UK retailer Game has confirmed it is among 50 potential suitors circling collapsed music entertainment chain HMV.
Game, which was bought out of administration itself last April, has approached HMV administrators Deloitte with an interest in buying a number of shops in order to boost its estate.
It did not reveal how many of the more than 200 HMV shops it was interested in, but reports suggest it could bid for up to 45 in locations where it does not yet have a presence.
Deloitte said it has received expressions of interest from around 50 parties, including from other retailers, private equity firms and wealthy individuals.
HMV hit the wall earlier this week after suffering dismal Christmas sales, putting more than 4,120 jobs in the UK at risk. Its Irish arm was also put into receivership this week, putting 300 jobs at risk.
Chief executive Trevor Moore said he was "confident" that management can still secure a future for the 92-year-old business.
DVD and games rental firm Blockbuster, which employs 4,190 staff across 528 shops, went bust just a day later in a dire week for the UK high street.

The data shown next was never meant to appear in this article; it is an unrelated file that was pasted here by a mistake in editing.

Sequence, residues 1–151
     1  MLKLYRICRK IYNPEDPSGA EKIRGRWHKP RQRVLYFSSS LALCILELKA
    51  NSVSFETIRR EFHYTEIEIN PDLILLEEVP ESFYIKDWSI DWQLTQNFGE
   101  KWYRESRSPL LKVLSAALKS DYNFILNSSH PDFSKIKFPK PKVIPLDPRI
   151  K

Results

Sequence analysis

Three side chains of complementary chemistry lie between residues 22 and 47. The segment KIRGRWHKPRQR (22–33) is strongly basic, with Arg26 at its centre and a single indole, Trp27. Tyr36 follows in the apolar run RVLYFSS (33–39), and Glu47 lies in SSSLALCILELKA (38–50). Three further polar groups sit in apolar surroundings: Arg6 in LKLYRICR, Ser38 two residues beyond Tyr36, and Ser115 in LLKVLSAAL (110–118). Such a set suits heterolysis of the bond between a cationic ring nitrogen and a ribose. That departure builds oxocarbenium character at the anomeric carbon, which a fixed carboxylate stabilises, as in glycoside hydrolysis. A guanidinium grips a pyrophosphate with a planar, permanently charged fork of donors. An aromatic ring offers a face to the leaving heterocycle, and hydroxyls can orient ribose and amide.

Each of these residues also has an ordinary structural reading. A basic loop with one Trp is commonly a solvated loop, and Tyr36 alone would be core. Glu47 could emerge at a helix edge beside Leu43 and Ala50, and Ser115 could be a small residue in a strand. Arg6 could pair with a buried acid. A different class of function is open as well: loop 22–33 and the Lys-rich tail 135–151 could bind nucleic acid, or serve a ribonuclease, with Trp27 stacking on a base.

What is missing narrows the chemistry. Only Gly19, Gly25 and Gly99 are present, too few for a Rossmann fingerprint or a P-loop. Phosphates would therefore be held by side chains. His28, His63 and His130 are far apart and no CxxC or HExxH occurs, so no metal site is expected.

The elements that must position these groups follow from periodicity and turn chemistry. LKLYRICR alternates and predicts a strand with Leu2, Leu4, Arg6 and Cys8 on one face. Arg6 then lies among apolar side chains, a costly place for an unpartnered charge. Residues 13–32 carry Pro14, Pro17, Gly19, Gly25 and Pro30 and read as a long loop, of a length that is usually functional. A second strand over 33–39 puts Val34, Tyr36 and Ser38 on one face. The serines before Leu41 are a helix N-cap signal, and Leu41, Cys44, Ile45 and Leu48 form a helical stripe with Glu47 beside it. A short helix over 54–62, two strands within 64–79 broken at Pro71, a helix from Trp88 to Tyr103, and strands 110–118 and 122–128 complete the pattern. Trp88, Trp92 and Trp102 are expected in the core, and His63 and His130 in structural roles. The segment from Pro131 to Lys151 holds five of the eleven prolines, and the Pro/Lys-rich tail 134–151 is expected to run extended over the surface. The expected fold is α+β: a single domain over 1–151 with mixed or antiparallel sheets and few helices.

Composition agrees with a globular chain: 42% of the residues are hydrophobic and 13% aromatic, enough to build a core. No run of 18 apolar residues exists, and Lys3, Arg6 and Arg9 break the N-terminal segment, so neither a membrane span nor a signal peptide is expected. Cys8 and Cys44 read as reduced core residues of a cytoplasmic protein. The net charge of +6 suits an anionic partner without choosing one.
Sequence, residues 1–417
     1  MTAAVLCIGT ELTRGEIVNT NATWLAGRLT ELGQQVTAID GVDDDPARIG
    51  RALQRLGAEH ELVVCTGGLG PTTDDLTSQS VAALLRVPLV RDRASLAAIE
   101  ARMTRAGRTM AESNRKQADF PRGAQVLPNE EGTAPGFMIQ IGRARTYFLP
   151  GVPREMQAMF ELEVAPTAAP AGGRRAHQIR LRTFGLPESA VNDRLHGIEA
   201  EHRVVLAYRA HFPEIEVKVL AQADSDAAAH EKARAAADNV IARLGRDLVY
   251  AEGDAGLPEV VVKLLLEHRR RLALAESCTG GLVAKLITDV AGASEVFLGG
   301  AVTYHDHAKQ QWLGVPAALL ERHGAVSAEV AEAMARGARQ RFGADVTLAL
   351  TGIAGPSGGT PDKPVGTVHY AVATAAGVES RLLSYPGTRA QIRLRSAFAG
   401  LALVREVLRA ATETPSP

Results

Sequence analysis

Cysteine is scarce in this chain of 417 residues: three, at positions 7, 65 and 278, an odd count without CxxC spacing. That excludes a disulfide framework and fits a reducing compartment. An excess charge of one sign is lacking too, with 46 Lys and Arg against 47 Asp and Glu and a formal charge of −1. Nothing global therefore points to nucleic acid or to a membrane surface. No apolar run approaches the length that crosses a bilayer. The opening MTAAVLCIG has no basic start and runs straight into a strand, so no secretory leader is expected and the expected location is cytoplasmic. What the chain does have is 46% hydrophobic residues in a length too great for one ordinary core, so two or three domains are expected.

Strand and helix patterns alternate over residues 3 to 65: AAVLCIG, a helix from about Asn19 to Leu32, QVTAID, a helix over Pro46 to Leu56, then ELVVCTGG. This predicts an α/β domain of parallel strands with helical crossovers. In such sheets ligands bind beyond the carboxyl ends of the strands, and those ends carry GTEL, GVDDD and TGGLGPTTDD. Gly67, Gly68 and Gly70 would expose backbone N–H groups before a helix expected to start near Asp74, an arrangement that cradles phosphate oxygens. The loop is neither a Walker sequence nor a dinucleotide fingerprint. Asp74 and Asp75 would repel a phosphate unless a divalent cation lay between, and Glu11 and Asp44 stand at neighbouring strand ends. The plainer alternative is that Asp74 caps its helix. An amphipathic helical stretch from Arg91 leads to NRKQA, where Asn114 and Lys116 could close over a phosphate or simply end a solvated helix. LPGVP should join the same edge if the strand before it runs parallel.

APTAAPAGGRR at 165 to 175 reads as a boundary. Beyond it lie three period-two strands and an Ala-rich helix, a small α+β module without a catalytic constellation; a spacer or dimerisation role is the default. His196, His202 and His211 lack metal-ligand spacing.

Other potential bidders for HMV and its stores are thought to include private equity firm Endless, which is the group that bought The Works out of administration. Retail restructuring firm Hilco, which owns HMV Canada, and private equity veteran Jon Moulton, through his Better Capital firm, have also been linked.
Game is owned by OpCapita, the group which owned electricals retail chain Comet when it went under before Christmas. OpCapita's handling of Comet is under close scrutiny, with the chain going bust less than a year after it was bought by the private equity group.
Game closed its Irish outlets, which were not part of the Opcapita deal, with the loss of 121 jobs last March.
But 333-strong Game is said to be enjoying a revival following its OpCapita rescue, with sales over Christmas ahead of management expectations, putting it on track for underlying earnings of £20m sterling for the year to July.